So far we've seen that the logging facility provided by the ADFLogger and the attendant tools in JDeveloper is all pretty useful and provides a powerful way of implementing and examining your logs. However, lets's take it to the next level (here's where it gets really interesting).
You are, I'm sure, familiar with the -Djbo.debugoutput=console switch which is a command line argument to WebLogic or the ADF/BC tester which provides a bunch of useful trace information such as when bindings are constructed and ADF/BC queries and bind variables are manipulated. It's generally regarded as a key tool in any ADF Hackers toolbox. However, you may have thought to yourself: This is great but it's a pain having to re-run the application (and restart WLS) just to switch this diagnostic on... And you'd be right, it is a pain and certainly not something you would entertain on a production system. But guess what, we can use the logging capabilities to do the same thing without a restart.
To work this magic, just run your application without the -Djbo.debugoutput flag and once it's running bring up the ODL Configuration Screen (Refer back to Part 3 in this series if you've not already read up on how to do that).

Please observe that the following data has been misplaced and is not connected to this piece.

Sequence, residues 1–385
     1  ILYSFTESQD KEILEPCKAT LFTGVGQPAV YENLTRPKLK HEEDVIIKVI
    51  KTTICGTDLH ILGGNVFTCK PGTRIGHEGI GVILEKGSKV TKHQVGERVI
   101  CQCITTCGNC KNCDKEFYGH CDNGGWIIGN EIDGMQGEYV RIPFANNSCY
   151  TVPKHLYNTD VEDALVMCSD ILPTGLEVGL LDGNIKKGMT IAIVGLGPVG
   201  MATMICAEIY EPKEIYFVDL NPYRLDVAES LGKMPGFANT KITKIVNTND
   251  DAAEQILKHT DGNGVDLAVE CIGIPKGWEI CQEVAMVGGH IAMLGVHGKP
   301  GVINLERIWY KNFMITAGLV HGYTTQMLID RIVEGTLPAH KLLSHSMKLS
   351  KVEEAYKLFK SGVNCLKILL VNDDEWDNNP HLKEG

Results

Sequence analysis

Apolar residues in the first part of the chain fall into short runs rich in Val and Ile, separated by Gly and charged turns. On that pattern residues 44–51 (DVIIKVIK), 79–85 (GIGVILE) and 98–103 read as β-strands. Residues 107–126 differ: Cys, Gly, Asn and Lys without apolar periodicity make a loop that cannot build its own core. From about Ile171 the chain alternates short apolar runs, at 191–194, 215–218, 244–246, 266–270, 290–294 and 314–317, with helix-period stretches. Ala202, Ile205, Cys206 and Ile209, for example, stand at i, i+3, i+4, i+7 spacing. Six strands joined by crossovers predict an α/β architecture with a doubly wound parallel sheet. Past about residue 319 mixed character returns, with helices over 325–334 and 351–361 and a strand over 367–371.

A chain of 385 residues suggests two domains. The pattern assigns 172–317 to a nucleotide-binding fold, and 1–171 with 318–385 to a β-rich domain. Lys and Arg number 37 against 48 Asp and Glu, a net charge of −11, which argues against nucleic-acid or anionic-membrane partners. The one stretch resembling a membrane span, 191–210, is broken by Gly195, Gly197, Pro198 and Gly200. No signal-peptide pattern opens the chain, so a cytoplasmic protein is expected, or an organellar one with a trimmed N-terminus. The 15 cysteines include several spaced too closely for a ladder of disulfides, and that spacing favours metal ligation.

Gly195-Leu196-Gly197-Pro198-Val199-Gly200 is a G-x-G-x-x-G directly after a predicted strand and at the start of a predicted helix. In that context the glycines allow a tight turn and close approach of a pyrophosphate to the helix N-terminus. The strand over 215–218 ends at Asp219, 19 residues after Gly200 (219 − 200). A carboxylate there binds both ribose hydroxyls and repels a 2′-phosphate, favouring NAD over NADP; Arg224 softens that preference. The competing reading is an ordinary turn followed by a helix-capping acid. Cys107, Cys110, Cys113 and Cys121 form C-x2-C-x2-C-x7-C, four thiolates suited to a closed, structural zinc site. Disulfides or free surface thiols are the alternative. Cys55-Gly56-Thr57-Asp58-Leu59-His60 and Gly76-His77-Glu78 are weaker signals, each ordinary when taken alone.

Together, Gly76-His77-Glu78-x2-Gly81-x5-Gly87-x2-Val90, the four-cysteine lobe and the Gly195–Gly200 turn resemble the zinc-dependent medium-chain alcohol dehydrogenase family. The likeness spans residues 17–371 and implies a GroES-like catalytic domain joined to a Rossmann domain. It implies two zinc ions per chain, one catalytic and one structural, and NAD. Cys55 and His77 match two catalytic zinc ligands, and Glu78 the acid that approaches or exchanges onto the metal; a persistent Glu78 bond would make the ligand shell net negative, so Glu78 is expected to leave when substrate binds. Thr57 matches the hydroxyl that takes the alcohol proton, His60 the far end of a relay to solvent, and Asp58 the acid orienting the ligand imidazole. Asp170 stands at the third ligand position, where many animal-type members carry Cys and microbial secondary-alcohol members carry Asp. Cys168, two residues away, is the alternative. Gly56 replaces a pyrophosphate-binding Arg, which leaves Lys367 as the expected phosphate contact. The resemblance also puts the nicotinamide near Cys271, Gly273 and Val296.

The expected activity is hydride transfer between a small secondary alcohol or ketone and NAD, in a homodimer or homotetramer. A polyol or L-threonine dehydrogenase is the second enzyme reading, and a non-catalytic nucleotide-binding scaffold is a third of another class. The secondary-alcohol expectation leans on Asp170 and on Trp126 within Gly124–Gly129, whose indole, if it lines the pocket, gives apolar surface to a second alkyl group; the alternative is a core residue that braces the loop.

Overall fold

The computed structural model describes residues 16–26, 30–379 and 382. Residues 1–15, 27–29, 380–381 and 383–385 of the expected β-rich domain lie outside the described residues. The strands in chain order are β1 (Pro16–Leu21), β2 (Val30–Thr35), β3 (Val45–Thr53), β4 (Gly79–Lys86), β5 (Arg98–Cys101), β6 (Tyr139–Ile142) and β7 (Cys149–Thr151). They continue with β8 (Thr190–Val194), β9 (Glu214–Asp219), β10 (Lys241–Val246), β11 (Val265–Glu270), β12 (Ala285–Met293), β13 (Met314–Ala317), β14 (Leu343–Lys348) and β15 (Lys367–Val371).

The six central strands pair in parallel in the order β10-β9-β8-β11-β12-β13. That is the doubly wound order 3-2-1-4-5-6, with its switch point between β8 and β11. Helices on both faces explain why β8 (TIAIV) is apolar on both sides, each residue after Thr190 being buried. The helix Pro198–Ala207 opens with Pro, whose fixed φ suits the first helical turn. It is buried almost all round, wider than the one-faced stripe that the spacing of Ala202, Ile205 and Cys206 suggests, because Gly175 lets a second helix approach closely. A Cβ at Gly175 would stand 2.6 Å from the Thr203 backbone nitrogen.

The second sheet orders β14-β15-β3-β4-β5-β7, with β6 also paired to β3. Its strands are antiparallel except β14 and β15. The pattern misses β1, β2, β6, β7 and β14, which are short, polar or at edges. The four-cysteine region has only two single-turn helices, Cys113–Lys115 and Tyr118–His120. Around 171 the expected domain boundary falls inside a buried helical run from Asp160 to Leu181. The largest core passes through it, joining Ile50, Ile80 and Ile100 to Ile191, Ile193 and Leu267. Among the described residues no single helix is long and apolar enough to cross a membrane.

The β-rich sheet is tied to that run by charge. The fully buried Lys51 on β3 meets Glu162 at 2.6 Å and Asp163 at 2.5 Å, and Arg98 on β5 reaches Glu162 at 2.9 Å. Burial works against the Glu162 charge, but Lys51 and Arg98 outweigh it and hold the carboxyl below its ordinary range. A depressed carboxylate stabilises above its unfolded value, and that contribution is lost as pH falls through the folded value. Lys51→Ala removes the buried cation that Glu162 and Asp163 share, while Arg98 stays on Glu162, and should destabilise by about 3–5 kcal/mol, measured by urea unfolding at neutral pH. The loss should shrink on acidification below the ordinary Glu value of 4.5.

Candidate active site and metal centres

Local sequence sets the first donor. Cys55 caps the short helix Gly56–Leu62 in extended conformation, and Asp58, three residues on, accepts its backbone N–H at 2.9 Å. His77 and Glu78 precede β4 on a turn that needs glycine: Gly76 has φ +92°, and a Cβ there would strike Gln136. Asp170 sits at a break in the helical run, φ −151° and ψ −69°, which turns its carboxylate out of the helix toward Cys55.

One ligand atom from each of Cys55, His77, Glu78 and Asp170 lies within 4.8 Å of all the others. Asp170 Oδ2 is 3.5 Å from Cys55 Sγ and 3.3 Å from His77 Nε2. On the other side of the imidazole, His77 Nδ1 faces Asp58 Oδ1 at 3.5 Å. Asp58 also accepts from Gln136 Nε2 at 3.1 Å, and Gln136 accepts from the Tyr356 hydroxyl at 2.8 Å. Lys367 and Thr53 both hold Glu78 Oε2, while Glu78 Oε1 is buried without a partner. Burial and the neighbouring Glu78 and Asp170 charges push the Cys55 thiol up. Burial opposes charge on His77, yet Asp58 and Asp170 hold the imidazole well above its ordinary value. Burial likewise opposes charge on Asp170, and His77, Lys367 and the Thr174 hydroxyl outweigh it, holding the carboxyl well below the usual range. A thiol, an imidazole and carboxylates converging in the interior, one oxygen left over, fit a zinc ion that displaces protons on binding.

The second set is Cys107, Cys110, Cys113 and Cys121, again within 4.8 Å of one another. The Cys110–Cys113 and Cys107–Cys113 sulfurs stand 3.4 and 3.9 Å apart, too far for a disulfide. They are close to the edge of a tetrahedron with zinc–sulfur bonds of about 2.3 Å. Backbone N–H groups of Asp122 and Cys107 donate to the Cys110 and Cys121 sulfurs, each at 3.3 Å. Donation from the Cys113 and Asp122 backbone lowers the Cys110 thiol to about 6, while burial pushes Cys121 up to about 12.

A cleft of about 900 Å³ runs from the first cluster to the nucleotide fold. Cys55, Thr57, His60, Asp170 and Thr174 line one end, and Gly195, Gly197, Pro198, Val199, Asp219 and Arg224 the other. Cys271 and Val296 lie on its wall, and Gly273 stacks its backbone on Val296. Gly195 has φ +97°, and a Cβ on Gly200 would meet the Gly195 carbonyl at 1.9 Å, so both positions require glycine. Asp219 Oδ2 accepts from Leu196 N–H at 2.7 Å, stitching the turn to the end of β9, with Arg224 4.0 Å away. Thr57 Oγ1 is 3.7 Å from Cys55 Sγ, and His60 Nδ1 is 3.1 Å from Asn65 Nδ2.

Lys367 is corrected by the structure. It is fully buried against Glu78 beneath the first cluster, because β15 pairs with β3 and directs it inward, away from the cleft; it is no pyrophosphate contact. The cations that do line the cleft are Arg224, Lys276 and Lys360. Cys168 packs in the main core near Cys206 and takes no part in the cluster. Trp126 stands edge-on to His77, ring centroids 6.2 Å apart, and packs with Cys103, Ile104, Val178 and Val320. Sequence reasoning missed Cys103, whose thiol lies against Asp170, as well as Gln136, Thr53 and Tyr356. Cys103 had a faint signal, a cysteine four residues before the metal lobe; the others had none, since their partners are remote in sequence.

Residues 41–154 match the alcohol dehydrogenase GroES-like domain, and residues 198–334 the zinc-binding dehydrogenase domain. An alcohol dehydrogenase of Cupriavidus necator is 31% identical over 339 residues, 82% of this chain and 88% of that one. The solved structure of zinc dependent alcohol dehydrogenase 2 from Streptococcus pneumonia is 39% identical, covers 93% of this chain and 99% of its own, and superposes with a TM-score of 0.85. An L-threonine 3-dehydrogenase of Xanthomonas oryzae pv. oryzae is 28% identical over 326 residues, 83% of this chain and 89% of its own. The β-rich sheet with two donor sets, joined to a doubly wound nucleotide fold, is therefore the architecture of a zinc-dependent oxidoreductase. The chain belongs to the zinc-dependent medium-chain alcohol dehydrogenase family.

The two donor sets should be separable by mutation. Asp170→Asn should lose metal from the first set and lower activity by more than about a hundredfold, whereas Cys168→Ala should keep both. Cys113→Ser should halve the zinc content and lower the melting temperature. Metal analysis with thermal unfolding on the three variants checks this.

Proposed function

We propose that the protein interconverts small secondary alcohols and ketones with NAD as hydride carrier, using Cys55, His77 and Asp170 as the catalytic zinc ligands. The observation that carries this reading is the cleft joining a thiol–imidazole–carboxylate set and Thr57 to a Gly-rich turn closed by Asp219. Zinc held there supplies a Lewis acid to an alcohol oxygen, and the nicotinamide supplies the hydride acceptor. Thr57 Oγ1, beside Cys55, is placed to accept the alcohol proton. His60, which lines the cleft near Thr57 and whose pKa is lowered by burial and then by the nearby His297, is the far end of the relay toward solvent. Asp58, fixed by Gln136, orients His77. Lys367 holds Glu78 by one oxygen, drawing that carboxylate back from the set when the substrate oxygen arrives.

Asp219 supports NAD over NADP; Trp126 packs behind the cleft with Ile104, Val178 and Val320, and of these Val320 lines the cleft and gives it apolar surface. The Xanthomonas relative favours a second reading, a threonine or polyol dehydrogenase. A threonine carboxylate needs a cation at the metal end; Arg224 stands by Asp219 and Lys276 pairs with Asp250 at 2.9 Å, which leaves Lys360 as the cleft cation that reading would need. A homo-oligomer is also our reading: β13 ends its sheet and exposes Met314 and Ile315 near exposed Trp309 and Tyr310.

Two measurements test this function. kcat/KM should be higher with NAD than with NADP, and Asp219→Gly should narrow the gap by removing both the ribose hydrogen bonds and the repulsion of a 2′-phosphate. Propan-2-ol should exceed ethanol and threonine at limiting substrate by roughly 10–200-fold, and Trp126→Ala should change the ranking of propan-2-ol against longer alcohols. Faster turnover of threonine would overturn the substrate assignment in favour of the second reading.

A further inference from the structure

Now switch on FINEST for the following packages:
Here's what it should look like:
Now go back to the web browser and carry out the activity that you're trying to trace (remember - no need to restart, the logging kicks in immediately). Once you're done open up the ODL Analyzer (refer to Part 4 in this series). The main thing that you'll observe is an awful lot of logging has happened. In this case I happen to have added my own logging call into an Entity Object accessor method so I can search the log for the call that is part of the transaction I'm interested in:
Now I can use that Related By Request option that we looked at last time to see all the log messages associated with this one:
Which leads to this more constrained list:
Now scroll down this list of messages and I'll start to encounter useful messages such as this set:
In this case it's the SQL that is being generated to get the rowcount on a VO and I can look at the key information such as the actual count returned, the SQL and the bind variable substitution.
The final piece in the jigsaw is that mysterious Related By ADF Request option that I skipped over last time. Now that we have a full-fat diagnostic log let's use that option instead of plain Related by Request. When you do this you're taken to that By ADF Request tab in the analyzer. This is what you'll see:
What you're seeing here is a complete breakdown of the ADF Request by phase with elapsed times and a really simple to understand view of what happened when, and how log it took. You can view the details of each message in the bottom pane, and in this case again we're looking at an Estimated Row Count call.
At this point I should probably shut up and let you drool. Enjoy!